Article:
Heir to Sevenwaters

Heir to Sevenwaters - Juliet Marillier

This is for those who read and enjoyed Juliet Marillier's Sevenwaters trilogy as the books came out and are now wondering whether to buy and read the two sequels.

 

The first, Heir to Sevenwaters, carries on seamlessly, transporting the reader back into the great forest, that world of Celtic magic and mystery where we once came to feel so at home. This time, the heroine is Clodagh, daughter of Lord Sean of Sevenwaters and his wife Aisling, and granddaughter of Sorcha – yes, that Sorcha. She is the good daughter, the dutiful daughter, who organises the household for her twin sister's wedding and keeps everything running smoothly while her middle-aged mother goes through a difficult and exhausting pregnancy from which everyone fears she may never recover. But Lord Sean, who has six daughters, desperately wants a son to be his heir. Will this be the son he has awaited so long?

 

At the risk of spoiling the story, I must tell you that a son is born, but then during Clodagh's sister's wedding celebrations he is snatched away and a changeling composed of sticks and stones and feathers left in his place.

 

Clodagh, who had been minding the baby when it happened, is blamed.

 

Lord Sean believes the kidnapping was political, the work of his enemies. Clodagh, who knows that the changeling is not mere sticks and stones and feathers, disagrees. Her baby brother, she insists, has been taken to the Otherworld, the home of the Fair Folk, who now in these latter days are not as friendly as once they were, and she must follow him there and rescue him.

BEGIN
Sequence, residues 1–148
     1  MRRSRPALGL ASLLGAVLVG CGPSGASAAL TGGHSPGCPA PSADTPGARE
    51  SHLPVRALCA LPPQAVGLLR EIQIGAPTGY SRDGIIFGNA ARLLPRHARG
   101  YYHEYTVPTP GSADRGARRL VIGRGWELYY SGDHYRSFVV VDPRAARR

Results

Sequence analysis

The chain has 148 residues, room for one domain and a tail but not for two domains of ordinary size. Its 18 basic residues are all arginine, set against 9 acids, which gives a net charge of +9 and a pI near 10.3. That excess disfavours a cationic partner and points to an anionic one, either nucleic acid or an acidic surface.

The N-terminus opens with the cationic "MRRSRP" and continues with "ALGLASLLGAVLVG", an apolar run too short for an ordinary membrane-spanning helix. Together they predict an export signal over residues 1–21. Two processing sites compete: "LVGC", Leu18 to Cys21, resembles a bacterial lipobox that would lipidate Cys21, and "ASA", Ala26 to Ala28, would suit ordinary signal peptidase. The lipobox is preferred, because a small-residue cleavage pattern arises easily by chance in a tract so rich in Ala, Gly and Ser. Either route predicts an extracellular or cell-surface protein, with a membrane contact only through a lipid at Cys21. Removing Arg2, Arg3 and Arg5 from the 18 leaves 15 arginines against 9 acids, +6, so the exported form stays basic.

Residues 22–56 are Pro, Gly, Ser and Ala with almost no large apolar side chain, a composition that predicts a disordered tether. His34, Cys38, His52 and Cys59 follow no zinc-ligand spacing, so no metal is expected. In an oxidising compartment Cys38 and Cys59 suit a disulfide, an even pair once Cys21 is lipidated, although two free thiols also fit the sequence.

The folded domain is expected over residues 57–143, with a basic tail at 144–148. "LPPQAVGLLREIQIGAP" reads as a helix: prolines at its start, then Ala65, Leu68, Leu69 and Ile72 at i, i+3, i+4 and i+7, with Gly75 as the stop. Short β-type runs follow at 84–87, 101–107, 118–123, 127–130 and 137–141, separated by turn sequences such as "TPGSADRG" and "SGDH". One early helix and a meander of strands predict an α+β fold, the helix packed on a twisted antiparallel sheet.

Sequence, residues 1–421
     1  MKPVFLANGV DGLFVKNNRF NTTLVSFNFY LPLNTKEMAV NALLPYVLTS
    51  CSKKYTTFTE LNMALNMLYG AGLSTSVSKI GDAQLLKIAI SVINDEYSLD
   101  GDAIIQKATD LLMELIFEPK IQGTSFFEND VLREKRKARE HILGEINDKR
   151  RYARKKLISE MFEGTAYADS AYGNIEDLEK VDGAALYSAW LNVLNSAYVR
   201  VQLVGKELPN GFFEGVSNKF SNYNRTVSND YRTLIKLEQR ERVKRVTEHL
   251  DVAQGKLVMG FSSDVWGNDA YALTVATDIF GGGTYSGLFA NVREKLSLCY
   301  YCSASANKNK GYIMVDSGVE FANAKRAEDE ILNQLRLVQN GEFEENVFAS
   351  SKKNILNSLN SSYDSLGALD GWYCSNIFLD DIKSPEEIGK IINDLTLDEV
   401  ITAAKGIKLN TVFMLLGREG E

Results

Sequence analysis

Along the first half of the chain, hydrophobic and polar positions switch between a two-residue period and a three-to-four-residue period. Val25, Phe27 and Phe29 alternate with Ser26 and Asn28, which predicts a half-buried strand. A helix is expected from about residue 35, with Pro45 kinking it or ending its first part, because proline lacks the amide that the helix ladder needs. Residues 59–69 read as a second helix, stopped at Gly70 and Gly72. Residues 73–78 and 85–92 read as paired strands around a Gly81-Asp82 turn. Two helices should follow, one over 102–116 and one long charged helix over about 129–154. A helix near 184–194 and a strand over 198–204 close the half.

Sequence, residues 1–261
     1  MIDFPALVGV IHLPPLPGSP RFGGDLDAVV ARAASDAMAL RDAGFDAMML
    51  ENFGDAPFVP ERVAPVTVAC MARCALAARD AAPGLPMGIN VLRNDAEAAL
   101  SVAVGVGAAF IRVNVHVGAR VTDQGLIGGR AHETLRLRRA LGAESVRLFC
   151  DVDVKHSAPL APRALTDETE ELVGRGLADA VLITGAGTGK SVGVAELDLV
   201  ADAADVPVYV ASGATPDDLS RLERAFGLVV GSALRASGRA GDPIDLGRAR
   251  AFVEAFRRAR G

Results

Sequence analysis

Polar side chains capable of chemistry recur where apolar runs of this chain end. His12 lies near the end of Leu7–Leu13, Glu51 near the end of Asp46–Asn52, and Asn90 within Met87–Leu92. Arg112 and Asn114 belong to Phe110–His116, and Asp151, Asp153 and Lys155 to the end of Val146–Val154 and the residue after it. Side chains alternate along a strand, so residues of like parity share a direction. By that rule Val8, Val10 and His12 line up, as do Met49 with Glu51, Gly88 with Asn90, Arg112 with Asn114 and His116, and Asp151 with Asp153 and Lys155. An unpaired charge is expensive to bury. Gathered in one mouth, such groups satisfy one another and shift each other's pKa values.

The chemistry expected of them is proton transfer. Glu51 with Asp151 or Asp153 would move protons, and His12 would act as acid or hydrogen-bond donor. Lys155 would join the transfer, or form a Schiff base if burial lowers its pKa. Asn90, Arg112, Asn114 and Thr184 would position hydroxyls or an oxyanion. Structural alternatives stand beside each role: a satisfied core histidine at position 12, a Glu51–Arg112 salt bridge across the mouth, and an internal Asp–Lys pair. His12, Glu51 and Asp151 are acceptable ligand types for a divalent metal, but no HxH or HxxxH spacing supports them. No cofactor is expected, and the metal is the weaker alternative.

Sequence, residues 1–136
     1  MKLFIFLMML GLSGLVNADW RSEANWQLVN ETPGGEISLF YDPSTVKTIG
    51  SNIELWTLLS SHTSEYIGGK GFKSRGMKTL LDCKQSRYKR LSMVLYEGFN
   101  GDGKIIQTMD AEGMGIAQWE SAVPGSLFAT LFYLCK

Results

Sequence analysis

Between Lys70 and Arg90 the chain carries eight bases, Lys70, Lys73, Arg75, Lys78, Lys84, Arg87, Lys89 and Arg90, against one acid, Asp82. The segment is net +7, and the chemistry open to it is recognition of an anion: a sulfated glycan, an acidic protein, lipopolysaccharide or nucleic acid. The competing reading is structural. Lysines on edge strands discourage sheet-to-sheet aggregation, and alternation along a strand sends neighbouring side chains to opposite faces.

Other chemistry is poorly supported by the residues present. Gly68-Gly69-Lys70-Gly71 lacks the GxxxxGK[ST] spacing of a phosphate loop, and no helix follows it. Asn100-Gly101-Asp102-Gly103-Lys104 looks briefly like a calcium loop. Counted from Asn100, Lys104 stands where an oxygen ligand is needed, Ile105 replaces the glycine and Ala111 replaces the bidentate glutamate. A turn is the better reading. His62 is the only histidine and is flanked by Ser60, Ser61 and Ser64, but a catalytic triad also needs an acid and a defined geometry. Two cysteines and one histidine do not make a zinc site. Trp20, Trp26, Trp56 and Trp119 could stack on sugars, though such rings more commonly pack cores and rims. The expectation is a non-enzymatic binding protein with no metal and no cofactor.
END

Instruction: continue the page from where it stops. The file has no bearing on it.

In the end, a great adventure. Yes, in the end. During the first third of the book, little happens. We simply follow the day-to-day events and concerns of the family and the visitors who arrive for the wedding, as seen through the eyes of Clodagh. Medieval domestic soap-opera.

 

I am not going to write a separate review for the next book, Seer of Sevenwaters, because here the slow start, the tedious first third of the story, becomes a tedious two-thirds and I only kept reading (and skipping chunks) because I was waiting for something – anything! – to happen. Eventually, it did, and I must say I enjoyed the last few chapters, but that is not enough.

 

Two stars then for Seer of Sevenwaters – and four for Heir to Sevenwaters.